The Australian Law Reform Commission inquiry in to Copyright and the Digital Economy was due to release an issues paper in August 2012 with recommendations for reform due by November 2013. Hopefully everyone involved will wake up tomorrow and start to contribute meaningful, innovative alternatives to the privacy and personal rights compromises currently being discussed.
In the meantime, Metro Screen; the NSW industry hub for the screen and content industry, is addressing the elephant in the room through an industry debate about piracy and its place in the Australian screen content industries.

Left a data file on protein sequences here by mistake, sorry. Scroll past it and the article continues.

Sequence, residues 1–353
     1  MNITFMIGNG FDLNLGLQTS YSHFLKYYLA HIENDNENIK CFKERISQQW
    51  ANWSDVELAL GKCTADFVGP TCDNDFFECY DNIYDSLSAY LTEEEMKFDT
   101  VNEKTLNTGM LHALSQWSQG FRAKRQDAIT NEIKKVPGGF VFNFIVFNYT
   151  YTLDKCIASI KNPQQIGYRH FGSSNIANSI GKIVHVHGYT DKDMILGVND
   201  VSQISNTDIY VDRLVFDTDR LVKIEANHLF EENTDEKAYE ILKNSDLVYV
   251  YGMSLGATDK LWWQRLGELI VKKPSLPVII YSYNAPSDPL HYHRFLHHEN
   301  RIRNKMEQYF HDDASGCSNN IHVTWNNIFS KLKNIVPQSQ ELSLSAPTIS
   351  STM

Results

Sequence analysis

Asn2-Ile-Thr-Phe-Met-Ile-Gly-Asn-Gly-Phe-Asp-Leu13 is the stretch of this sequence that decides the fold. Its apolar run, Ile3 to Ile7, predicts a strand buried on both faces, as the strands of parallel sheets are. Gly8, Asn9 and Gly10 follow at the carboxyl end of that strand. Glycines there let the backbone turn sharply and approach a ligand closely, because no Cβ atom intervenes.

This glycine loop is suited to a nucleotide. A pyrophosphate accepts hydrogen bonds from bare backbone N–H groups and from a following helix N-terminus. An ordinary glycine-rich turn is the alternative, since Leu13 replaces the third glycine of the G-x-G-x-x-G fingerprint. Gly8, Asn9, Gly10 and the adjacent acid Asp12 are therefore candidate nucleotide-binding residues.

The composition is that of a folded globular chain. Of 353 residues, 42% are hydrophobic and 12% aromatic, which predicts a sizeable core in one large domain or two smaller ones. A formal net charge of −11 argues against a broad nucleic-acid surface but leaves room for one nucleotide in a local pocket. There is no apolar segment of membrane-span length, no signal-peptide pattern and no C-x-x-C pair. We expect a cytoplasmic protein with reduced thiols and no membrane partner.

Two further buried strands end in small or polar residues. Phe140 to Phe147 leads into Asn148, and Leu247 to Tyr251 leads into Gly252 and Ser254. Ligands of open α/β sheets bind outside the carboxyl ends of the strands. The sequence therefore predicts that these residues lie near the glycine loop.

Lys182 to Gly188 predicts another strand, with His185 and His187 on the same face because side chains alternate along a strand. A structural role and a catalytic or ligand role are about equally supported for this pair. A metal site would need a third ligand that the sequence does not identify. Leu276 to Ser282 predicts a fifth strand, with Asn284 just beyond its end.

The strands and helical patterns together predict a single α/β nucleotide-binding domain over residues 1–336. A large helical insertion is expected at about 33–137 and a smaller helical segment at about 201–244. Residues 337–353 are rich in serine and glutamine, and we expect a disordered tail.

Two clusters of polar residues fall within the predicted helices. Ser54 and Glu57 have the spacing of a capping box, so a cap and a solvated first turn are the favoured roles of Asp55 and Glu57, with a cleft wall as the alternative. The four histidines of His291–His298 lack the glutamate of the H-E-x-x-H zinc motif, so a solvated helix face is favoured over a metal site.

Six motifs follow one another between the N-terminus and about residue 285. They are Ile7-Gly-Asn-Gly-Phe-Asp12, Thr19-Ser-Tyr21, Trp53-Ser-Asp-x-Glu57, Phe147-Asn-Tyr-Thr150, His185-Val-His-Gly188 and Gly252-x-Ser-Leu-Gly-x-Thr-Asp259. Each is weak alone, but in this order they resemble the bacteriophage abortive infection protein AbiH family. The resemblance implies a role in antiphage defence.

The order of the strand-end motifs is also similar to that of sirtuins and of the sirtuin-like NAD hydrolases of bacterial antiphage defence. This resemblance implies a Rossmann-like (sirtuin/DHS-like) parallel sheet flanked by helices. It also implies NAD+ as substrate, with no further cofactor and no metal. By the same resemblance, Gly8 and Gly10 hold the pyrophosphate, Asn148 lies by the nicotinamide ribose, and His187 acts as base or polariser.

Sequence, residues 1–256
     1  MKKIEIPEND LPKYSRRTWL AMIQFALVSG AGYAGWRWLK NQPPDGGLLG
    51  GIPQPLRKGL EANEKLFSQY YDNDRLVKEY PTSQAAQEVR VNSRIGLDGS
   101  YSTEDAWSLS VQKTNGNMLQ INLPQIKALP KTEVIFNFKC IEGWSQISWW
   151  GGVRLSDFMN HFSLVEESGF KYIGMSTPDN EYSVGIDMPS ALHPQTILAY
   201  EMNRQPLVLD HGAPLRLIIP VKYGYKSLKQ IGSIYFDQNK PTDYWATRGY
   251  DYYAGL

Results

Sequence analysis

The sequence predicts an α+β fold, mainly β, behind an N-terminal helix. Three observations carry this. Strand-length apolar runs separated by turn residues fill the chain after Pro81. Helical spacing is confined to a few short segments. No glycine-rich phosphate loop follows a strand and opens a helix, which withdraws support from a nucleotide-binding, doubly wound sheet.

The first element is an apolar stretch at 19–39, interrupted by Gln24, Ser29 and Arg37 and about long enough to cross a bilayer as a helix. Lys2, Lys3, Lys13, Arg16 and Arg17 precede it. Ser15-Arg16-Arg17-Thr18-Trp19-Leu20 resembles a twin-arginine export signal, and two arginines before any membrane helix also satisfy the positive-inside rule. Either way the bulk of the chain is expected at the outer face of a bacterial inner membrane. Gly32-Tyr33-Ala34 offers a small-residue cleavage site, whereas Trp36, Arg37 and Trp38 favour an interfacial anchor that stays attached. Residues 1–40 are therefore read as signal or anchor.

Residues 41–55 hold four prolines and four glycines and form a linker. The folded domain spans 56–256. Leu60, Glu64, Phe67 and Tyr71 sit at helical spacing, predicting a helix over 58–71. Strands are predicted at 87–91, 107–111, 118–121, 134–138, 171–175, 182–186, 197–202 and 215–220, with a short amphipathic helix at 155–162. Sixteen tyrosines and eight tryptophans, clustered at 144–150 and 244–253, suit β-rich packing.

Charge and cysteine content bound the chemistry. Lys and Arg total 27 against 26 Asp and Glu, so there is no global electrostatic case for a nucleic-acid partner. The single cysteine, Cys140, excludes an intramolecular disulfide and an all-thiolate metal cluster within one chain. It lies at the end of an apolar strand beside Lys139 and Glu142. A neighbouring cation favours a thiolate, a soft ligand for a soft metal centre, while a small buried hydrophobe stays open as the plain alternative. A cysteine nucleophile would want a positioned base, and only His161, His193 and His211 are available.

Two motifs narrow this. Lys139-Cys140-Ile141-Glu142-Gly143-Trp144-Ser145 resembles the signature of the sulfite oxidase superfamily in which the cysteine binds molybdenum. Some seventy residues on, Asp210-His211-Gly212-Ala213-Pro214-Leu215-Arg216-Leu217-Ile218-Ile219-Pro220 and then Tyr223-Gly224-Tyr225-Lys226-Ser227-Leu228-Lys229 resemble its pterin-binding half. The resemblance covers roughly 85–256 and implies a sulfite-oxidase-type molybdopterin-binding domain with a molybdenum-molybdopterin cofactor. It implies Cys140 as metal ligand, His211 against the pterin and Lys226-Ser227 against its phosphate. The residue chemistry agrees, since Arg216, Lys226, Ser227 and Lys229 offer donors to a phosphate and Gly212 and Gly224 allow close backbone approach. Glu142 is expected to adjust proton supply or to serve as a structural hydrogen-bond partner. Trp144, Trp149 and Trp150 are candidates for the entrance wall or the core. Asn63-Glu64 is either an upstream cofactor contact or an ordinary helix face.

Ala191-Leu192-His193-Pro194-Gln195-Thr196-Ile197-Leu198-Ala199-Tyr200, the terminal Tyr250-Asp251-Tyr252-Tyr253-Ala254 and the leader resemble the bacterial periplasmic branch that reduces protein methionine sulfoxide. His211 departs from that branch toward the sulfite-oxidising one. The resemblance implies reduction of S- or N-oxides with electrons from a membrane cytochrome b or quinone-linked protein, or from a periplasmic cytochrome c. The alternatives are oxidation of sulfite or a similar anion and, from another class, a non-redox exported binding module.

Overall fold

Metro Screen presents an industry debate: Piracy
6.30pm Wednesday 7th November, 2012
Chauvel Cinema, Paddington
The full list of speakers and the debate topic will be announced in the Metro Screen newsletter – sign up to receive updates here: www.metroscreen.org.au
To stimulate discussion about this topic, this paper was written by Tiani Chillemi – Communications Manager, Metro Screen Thursday 6th September, 2012. Metro Screen encourages healthy debate and an extended conversation about Piracy, however the organisation does not have a formal position on the topic.